The term "biodegradable" has been used over the past few years, to describe plastics or packaging that could potentially be metabolized by microorganisms in nature, with complete breakdown to CO2/Methane, water and biomass. However, there is significant confusion and controversy surrounding biodegradable plastics since many suppliers have used the term to loosely describe their material/packaging without specifying the conditions under which the material would degrade in nature. For instance, some plastics (like PLA) will only degrade under industrial composting conditions, while some others (like PHA) can break down under a wider range of conditions and environments (industrial, backyard, marine). Given this widespread confusion and the misuse of the "biodegradable" term, many global government and industry organizations have issued guidelines to restrict or eliminate the unqualified use of biodegradable as a descriptor of plastics or packaging. These include the European Commission guidelines (European Plastics Strategy) and the Federal Trade Commission Green Guides in the US.
In line with such guidelines, Ubuntoo's recommends that companies providing biodegradable materials, products or packaging:
1.Avoid unqualified use of the term "biodegradable" to describe their products
2.Any claim of biodegradability should be accompanied by a description of specific conditions and environments under which the material or product will undergo degradation in nature
3.It is strongly recommended that companies provide globally accepted certifications or testing for various biodegradability claims (such as the BPA certification for industrial composting)
Further in line with the position articulated by the European Commission as well as major CPG companies, Ubuntoo recommends that "biodegradable" plastics should not be considered a solution for littering (or worse a license to litter). Appropriate collection and end-of-life solutions (such as industrial composting or home composting) need to be put into place to avoid biodegradable plastics ending up as litter in the environment.
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Seven years ago, one of the co-founders was sitting by his window, waiting for a call. As he waited, he saw a truck pull up outside his apartment complex. A hauler had come to collect the building’s waste.
He watched the hauler pick up the dumpster, even though it was mostly empty. He realized there had to be a better, more efficient way to coordinate waste removal, he called a friend to tell him what he’d seen. They talked about waste, about technology, smart sensors, efficiency, routing, and even did some dumpster dives.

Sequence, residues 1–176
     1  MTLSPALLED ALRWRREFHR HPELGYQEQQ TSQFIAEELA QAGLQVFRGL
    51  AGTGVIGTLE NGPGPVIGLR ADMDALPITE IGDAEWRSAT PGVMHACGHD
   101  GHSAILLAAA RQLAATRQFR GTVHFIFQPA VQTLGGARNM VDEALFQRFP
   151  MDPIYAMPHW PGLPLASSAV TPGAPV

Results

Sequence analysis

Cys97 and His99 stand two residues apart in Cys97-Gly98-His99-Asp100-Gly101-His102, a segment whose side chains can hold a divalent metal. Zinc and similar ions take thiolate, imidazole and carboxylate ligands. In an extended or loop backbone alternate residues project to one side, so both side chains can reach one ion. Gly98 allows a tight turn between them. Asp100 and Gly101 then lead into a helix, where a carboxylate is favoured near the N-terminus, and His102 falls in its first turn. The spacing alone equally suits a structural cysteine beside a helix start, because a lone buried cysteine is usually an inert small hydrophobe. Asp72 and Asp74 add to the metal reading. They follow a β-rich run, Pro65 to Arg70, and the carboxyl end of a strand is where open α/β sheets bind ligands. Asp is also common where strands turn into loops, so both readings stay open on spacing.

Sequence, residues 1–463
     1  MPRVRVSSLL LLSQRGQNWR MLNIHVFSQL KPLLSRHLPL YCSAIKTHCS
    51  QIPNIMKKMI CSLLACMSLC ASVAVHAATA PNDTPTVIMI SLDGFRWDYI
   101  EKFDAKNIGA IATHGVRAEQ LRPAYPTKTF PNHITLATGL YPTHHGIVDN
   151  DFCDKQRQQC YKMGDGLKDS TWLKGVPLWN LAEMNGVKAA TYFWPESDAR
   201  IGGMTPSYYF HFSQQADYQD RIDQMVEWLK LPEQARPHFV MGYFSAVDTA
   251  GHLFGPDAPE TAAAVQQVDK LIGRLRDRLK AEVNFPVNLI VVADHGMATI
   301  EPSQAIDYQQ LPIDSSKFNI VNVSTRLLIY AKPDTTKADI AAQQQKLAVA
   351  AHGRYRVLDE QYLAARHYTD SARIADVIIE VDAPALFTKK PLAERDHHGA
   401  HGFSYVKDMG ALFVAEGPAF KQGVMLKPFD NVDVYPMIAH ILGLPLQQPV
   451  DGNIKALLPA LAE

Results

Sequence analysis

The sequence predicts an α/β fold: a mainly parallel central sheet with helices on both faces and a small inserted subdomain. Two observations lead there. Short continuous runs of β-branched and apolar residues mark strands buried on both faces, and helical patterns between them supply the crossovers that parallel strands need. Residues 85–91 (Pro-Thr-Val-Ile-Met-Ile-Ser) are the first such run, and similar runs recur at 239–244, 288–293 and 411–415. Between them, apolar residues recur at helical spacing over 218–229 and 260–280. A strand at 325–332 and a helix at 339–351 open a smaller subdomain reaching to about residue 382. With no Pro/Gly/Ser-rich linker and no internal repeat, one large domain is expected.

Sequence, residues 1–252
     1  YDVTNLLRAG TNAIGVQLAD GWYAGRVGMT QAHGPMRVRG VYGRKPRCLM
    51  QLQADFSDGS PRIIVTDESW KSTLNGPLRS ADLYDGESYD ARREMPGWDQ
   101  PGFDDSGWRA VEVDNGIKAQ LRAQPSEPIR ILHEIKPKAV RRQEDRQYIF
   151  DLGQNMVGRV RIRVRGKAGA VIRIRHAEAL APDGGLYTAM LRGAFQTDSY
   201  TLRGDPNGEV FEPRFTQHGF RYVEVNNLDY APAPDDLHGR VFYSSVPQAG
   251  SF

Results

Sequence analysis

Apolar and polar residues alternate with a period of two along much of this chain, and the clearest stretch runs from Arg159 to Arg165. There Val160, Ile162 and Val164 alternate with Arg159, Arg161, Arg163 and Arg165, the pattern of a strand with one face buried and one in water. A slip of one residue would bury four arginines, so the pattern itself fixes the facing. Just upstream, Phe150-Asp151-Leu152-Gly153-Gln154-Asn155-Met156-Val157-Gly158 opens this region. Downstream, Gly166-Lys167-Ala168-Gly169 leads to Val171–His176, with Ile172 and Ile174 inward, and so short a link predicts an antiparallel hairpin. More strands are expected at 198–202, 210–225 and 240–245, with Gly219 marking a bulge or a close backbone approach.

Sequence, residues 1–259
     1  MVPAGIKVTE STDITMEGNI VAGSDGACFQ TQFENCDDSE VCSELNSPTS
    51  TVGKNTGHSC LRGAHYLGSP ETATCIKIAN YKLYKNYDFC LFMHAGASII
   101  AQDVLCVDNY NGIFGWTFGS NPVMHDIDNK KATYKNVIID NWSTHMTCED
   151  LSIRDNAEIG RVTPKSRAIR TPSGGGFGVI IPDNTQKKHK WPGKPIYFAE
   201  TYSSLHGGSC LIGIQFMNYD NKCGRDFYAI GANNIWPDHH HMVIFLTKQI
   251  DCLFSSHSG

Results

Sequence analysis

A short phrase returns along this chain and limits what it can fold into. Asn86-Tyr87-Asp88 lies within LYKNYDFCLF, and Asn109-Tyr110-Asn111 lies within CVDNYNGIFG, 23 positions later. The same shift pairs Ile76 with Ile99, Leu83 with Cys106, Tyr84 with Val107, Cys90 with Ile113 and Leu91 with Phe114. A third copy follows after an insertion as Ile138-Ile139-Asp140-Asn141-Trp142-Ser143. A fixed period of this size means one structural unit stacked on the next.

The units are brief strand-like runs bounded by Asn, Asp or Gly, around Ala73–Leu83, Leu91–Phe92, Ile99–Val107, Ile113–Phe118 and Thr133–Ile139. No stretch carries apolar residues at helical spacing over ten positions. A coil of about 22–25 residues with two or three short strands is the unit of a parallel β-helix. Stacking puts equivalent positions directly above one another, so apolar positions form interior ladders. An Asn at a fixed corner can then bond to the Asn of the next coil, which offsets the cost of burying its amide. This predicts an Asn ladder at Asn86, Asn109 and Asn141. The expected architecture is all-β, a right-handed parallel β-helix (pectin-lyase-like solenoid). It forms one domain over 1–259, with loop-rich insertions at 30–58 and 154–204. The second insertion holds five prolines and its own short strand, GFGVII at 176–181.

After a lot of research and trials, they’d built their first sensor, put it into a dumpster and Enevo was born. Enevo started in 2010 as a sensor company in Finland with a passion for improving an inefficient system. They soon learned that sensors, routing software, optimized collections and transparency were only half the story.
What their customers needed most wasn’t more information about their waste stream. It was the peace of mind that Enevo’s technology, expertise and service provide. The company now provides full management of waste and recycling services for restaurant, retail and commercial property customers throughout North America.
Enevo works with its customers to transform the financial, environmental and social impact of waste.
Enevo has raised more than $34M in private equity funding to date and continues to invest in technology and new processes to deliver the peace of mind its customers need.
Fredrik Kekäläinen is a technologist, innovator and entrepreneur who founded Enevo in 2010 to meet the challenges of efficient, proactive waste management and recycling in an increasingly urbanized world.Fredrik started his first company in 1996 while still studying at the Hanken School of Economics in Helsinki, Finland. Eightball Ltd., a pioneering mobile software business was successfully sold in 1999. He continued his startup journey as co-founder of Fathammer Inc., a developer of 3D graphics software systems for embedded and mobile applications. Fathammer was acquired by Japan-based Acrodea Inc., shortly before it went public on the Tokyo Stock Exchange in October 2006.
VP of Operations
Before joining Enevo, Anthony was Principal at Logical Networks and Technical Operations Manager. Anthony holds a Bachelors degree Business at the Framingham State University.
Enevo’s Co-Founder and CTO, leading the development of Enevo’s technology – our key differentiator and our most valuable tool as an organization.